she names a replacement that her patients can be treated by.

    When an airline pilot goes on vacation the pilot has a replacement.

    When a teacher takes time off a substitute is used.

    Shame a judge can't be held to the same standard as a Doctor or an airline pilot or teacher....or....

    Judges DO do that (none / 0) (#6)
    by jbindc on Tue Jun 05, 2012 at 03:35:50 PM EST
    But it depends on the judge, the lawyers, the case, etc.

    Right... (none / 0) (#8)
    by bmaz on Tue Jun 05, 2012 at 03:40:18 PM EST
    and, for whatever reason, O'Mara does not seem too distressed about it. I don't think it hurts him one bit to have a couple of weeks to prepare, build up a little in custody time for GZ to placate the judge with, all kinds of stuff. And notice O'Mara does not appear to be clamoring to have it immediately first thing after Lester's return. May be a relief in a way.

    With the Sandusky trial getting (none / 0) (#10)
    by Anne on Tue Jun 05, 2012 at 03:49:37 PM EST
    cranked up in PA , the Zimmerman matter is going to be something of a media afterthought two weeks from now - I can almost hear the little feet scrabbling up the east coast...

    Anything that takes the spotlight off of Sanford, Florida - - or at least dims it - would, I think, be a good thing for the defense.

    I can't speak for George Zimmerman's state of mind, but maybe this will be a kind of "time-out" for him as he contemplates the wisdom of not being completely open with his attorneys, and using jailhouse telephones.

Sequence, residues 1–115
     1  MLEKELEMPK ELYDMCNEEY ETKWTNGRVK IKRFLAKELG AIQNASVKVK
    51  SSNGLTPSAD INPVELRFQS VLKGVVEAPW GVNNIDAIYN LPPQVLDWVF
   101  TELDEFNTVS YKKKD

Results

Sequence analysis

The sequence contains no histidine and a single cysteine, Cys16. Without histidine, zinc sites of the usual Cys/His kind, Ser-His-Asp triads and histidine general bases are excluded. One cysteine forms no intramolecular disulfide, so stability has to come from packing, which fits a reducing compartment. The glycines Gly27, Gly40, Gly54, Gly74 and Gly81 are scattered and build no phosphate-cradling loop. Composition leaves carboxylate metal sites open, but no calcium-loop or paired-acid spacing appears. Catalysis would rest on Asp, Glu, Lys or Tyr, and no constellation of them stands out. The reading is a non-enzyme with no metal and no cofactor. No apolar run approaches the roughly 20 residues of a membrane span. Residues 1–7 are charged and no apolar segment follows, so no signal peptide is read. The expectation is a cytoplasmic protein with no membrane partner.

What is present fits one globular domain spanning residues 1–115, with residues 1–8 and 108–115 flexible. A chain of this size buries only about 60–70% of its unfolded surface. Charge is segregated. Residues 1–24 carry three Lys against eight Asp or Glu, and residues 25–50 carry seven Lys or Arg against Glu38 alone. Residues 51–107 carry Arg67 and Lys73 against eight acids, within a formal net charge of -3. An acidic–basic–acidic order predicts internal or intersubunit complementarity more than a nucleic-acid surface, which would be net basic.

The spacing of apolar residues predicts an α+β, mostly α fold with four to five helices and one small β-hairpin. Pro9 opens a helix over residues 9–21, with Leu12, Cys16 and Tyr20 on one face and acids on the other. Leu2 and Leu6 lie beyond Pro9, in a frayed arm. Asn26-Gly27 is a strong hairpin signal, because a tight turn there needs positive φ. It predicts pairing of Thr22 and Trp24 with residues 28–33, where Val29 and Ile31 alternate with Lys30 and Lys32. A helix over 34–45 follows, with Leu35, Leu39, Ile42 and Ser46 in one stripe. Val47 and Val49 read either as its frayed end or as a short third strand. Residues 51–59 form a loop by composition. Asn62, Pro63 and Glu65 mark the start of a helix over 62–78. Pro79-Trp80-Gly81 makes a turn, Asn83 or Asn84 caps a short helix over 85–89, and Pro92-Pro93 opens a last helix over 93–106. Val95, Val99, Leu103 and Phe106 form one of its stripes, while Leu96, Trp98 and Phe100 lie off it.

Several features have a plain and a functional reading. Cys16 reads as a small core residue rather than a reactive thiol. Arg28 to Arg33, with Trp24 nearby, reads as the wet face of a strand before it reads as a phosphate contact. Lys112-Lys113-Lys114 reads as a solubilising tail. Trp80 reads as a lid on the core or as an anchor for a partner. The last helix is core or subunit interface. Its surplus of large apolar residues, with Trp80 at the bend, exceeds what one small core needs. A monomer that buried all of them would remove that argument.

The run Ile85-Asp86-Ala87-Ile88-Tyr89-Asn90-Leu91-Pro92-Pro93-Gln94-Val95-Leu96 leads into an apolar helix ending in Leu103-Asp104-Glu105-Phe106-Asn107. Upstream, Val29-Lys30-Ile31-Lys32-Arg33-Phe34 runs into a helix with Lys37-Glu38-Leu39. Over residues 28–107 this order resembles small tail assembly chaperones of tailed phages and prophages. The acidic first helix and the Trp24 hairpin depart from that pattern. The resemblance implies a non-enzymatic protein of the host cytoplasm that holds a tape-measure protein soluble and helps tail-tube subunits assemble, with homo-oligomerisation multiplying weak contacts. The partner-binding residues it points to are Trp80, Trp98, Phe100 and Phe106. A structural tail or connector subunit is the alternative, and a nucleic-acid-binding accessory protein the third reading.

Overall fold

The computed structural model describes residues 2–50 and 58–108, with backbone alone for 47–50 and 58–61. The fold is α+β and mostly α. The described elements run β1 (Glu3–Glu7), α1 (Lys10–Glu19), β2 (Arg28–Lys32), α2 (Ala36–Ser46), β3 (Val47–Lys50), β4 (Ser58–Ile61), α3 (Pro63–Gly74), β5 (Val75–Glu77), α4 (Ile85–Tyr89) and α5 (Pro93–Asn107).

wives and partners sometimes both (none / 0) (#63)
    by LeaNder on Fri Jun 08, 2012 at 09:20:51 AM EST
    Anne, interesting among other things you stay focused on matters. Concerning your last passage, that is actually what I wondered about most.

    Just as I was slightly amused, admittedly, that Shellie is considered the main culprit by some above. I know couples were the wife always takes the heat, usually with impressive nonchalance, while the husband keeps his image. ...

    I do not have the impression that Shellie is the type of wife that decides matters. Besides if they had a solid partnership, like trust that the other will do the right thing, would it have been necessary to talk about it on the phone?

    That's what I really wondered about most, how anybody can be so stupid as handling these matters over the phone. Had I been him, I would have assumed that I am under surveillance.

    How good a student was he in associate criminal law, and what courses did he take exactly?


    On the bond (none / 0) (#12)
    by Jeralyn on Tue Jun 05, 2012 at 04:03:26 PM EST
    I just saw on the docket that the bond was discharged and "turned in by bondsman" so that bond is history. It looks like he will have to pay another 10% premium if bond is reset and he uses a bondsman again.  So this "mistake" just cost the Zimmerman  fund $15,000. O'Mara said at the hearing (audio here, around 40 minutes in) that only $5,000 from the fund was used for the bondsman, and they haven't yet paid the bondsman's remaining $10k yet, but expected to from the fund.

    I wonder if now GZ's parents and grandparents might not take out those second mortgages on their homes to post the full amount of a new bond with the court. Doesn't it usually take a few weeks to get a second mortgage (appraisals needed, etc)?